— Some synthetic underlayments are also breathable, so moisture in the attic can evaporate out of the house rather than being trapped where it could cause rot and mold issues. Mostly made from polypropylene or polyethylene, these polymers are also lighter, more resistant to tears, and skid-resistant and cooler in the heat, so are easier to work with.
Moisture and Ice Barrier aka Ice and Water Shield: A large volume of moving water flows through valleys where roof sections come together. The water can easily wash underneath shingles.
That’s why valleys should be lined with and protected by a moisture barrier that covers each side of the valley by 12-16 inches. Many roofing contractors in climates with freezing winter weather also like to install a layer of moisture barrier at the eaves where ice dams might form. GAF’s moisture barrier is called WeatherWatch and Owens Corning calls its product WeatherLock. These are two of the many quality options.
Starter strip or shingles: All roofers install a row or starter shingles or rolled shingle material at the eaves as an added measure of protection against wind-blown moisture and ice dams. In high-wind areas, some contractors also prefer to install starter shingles or strip at roof rakes, the edge of the vertical run of roof from the eave to the peak on sections that form a gable.
Roof Ventilation is Essential to a Durable and Well-Functioning Roof
Excess moisture and heat in the attic quickly destroy roofs. Moisture gets into your home’s attic from everyday activities like taking a shower, boiling water, and running a humidifier. If that moisture can’t get out of the attic, it will cause havoc such as molded insulation, rotted roof deck and premature shingle deterioration. Heat causes shingles to cup and curve. It dries out the asphalt and makes it brittle, so it cracks easily.
There are several key ventilation points in any attic that allow excess heat and humidity to be vented.
- Ridge vent: Ridge vent always requires the presence of soffit vents. The decking on your roof has, or should have, a gap at the peak. The gap should be covered by ridge vent to allow heat and moisture to escape. Ridge vent has a solid top and vents on the side. The ridge vent can be covered with cap shingles that won’t block the vent opening.
- Soffit vents: Perforated soffit is the easiest way to get ventilation at the soffit. If your soffit (the area under the eaves) is solid, then individual vents should be installed. Soffit vents are mainly useful in allowing fresh air to enter the attic to displace moist and/or warm air. Note: Make sure that the soffit vents are not covered or blocked by insulation in the attic.
- Gable vents: These are especially helpful when the attic has two gabled sides where vents can be installed. Cross-breezes effectively move hot, moist air out of an attic.
- Roof vents: Any home, especially large homes and homes with hip roofs, benefits from giving heat other points of escape. Your roof vent options are passive vents, turbine vents and vents with a fan installed to pull heat and humidity from the attic.
Stop Ice Dams with Adequate Attic Insulation
The right amount of insulation in the attic reduces energy loss and the cost of running the HVAC system. Adequate insulation will prevent ice dams when there is snow on the roof.
In winter, your attic should be as cold as the outside air. When heat from your home rises through the roof because the attic lacks sufficient insulation (R-60 in freezing climates), snow on the roof melts. Water runs down the roof to the unheated eaves where it freezes. An ice dam forms that prevents run-off. Additional water backs up under the shingles where it might rot the decking, cause mold or leak into your home.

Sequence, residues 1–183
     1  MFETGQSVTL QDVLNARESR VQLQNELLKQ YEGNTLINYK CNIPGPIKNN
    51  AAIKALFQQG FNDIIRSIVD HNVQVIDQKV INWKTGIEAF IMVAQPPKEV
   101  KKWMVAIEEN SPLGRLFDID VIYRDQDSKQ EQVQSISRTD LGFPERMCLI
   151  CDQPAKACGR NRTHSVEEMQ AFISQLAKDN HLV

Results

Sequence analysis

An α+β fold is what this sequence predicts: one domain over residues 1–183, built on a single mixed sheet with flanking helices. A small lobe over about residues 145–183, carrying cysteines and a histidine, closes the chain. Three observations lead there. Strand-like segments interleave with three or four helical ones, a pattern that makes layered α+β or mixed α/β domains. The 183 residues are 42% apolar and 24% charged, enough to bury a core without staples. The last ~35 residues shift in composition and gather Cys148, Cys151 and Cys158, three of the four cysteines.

Attic insulation installed costs less than $1.50 per square foot in most homes, especially when a layer of insulation is already there. The cost is recouped through lower energy bills within five years in most climates.
What are the Main Roofing Options?
Asphalt shingles continue to dominate the roofing market. In recent years, metal has made the largest gains. Here are your options, their estimated market share, and a brief overview of each.
- Asphalt shingles ($-$$), about 75%: Fiberglass reinforced asphalt shingles are offered in several styles to fit your budget and home’s appearance. Specialty options combat climate dangers your home might face.
- Metal roofing ($$-$$$), about 15%: Metal has durability advantages and new product styles that make it quite appealing.
- Wood shingles and shakes ($$-$$$), about 5%: This classic roofing material continues to have advocates that appreciate its natural beauty.
- Clay, cement and fiber cement tile ($$-$$$), about 5%: Tile remains a popular option, especially in warm climates such as Florida and California, and fiber cement’s lightweight durability is making it the most popular type.
- Single-ply/built-up roofing ($-$$), about 3%: This is the best roofing option for low-slope and flat roofs.
- Plastic or composite shingles ($$-$$$), about 1%: These products mimic wood shakes and slate but cost more and last longer. They’re also less of a fire hazard than natural wood shakes.
- Natural slate ($$$-$$$$), about 1%: Lasting 100+ years, natural slate is the epitome of luxury.
Asphalt Shingles Types and Features
Since asphalt (75% sloped roofs market share) and metal (15% sloped roofs market share) own such a large part of the market, we want to take a closer look at each.
Fiberglass asphalt shingles are offered in three basic grades:
- (Basic) Three-tab shingles are the most affordable (not necessarily the best value) and deliver the classic look of a shingled roof
- (Better) Dimensional/Architectural shingles feature a base layer with a top layer fused to it that is cut to resemble wood shingles and shakes
- (Premium) Luxury Dimensional/Architectural shingles are built like standard dimensional but with more material and a higher profile that produces visual contrast and shadowing
Each type of shingles is available in an impressive range of colors. While the basic 3-tab shingles are only rated for 60 MPH to 80 MPH wind uplift, architectural/dimensional and luxury shingles are rated for 110 mph wind uplift, but with enhanced installation techniques, the warranty can be boosted to 130 MPH on many architectural shingle lines.